Gerald Gray ofSuffolk County,Va. died in April 2009 at age 75 after developing the aggressive form of lung cancer that is caused by exposure to asbestos, the toxic material that was widely used in insulation and countless other products. Gray’s family filed a lawsuit against five companies that manufactured or supplied products containing asbestos which caused his cancer.

In the suit, Gray’s family claimed the companies knew about problems with asbestos before the workers were exposed, but took no action to protect them.

On Monday, a jury inNewport News,Va. ordered one of the manufacturers, Illinois-based John Crane Inc., to pay $1.2 million in damages to Gray’s wife, daughter, and two sons. Four other defendants named in the suit previously settled out of court. Jurors found that Crane was 30 percent responsible for Gray’s death.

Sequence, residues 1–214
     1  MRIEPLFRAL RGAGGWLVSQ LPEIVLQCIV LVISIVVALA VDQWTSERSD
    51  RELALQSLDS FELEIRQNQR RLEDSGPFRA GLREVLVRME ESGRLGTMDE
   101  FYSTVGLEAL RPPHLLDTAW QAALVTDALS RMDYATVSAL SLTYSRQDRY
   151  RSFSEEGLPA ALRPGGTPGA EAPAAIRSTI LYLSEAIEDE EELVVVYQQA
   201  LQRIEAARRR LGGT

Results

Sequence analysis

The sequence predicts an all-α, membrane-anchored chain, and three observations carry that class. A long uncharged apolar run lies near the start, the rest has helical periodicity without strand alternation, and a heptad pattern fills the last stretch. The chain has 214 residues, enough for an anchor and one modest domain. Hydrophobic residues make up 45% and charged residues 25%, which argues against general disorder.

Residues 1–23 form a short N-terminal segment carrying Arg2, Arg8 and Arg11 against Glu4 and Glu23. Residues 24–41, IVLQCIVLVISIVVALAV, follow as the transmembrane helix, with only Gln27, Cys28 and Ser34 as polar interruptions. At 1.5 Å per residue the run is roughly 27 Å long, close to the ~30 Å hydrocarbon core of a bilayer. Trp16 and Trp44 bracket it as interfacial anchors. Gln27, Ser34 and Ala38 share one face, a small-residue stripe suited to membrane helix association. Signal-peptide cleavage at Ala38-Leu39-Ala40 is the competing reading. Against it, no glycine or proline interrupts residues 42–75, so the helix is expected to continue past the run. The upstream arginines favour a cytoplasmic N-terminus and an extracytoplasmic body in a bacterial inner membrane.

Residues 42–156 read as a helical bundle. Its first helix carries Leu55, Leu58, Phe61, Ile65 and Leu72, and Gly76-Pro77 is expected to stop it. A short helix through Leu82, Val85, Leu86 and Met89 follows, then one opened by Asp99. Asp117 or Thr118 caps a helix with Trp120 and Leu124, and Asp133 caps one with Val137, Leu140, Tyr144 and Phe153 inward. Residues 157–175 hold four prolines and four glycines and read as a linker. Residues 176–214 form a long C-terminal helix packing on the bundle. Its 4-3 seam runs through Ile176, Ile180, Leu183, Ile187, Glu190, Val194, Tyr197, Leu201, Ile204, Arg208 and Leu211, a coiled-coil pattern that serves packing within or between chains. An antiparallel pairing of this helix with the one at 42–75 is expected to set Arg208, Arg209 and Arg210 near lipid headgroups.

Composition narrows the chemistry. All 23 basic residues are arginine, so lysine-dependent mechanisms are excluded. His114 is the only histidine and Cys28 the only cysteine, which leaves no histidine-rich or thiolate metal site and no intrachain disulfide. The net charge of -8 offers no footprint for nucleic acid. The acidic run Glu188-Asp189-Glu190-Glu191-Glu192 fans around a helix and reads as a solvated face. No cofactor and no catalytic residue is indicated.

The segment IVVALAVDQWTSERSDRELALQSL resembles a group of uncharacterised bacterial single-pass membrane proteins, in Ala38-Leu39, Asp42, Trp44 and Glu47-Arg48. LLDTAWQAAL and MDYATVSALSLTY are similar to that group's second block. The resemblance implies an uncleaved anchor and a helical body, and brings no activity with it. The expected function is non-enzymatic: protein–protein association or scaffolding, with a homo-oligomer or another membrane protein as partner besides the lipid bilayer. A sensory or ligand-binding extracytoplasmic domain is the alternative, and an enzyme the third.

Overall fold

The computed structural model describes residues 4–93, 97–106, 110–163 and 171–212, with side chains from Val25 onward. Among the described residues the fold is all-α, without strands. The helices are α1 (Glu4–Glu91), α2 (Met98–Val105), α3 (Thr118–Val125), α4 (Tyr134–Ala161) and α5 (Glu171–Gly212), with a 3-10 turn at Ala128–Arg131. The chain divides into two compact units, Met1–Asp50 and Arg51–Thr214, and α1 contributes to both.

Distinguished Navy Career

Gray was once the second-highest-ranking enlisted man in the Navy andbattledmesothelioma for 16 months before his death. A native ofTexas, Gray enlisted in the Navy in 1951 and became the command master chief for the Atlantic fleet, officials said.

He worked on many ship-repair projects over 20 years, including an overhaul of the aircraft carrier USS Enterprise in the 1960s. During the course of his work, Gray was exposed to asbestos in the insulation of the ship’s engine room and other areas of the vessel.